Mozilla celebrates 10th anniversary

Officially launched 10 years ago, it gave rise to Firefox and Thunderbird. On its birthday, Mozilla has another reason to cheer thanks to a new study by Forrester.

Ten years ago Monday, Mozilla was launched and its source code was first made available to the public.

Out of Mozilla came such projects as Firefox, Thunderbird, and Bugzilla (close to the heart of many a CNET editor, er, or maybe just a few).

Mozilla is summed up this way in a post by Mitchell Baker, "chief lizard wrangler":

At its inception, Mozilla was:

• An open source codebase for the software we call the browser

• A group of people to build and lead an open source development effort--the Mozilla Organization (also known as "")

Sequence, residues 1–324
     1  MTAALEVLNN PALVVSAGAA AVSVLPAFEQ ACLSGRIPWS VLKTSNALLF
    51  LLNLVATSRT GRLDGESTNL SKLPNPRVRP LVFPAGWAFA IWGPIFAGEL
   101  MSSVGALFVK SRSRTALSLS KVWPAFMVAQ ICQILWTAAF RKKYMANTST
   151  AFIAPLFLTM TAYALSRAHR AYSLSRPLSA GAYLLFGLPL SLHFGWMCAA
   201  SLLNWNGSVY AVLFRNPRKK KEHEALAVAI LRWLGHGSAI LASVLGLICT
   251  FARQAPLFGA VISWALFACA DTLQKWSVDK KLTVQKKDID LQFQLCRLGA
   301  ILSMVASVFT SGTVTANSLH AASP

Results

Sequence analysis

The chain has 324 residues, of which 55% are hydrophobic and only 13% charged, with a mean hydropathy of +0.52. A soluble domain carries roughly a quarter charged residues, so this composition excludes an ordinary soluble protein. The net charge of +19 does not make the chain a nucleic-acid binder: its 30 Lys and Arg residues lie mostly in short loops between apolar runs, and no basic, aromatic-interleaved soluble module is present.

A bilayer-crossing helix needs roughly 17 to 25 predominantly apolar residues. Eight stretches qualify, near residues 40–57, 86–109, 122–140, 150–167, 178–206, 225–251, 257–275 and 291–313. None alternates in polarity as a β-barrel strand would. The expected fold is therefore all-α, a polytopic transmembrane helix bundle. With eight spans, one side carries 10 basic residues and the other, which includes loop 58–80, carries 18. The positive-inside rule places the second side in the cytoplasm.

• A larger group of people committed to the idea--and the enormous work involved--in building a browser we all needed

• An open source license granting everyone expansive rights to use the code for their own goals--the Mozilla Public License (which is now at version 1.1)

• A website

• A mascot (the orange T-rex, alternatively referred to as a lizard)

Baker goes on to list some of its accomplishments and what lies ahead.

The folks over at Mozilla had another reason to celebrate Monday, reports Mary Jo Foley of ZDNet, a CNET sister site. A new study by Forrester Research shows market share of the Firefox browser has doubled among enterprise users in the past year. It now stands at 18 percent.

Forrester appears to pin Firefox's success among business users "as much to Microsoft's difficulties as to Mozilla's prowess," Foley said.

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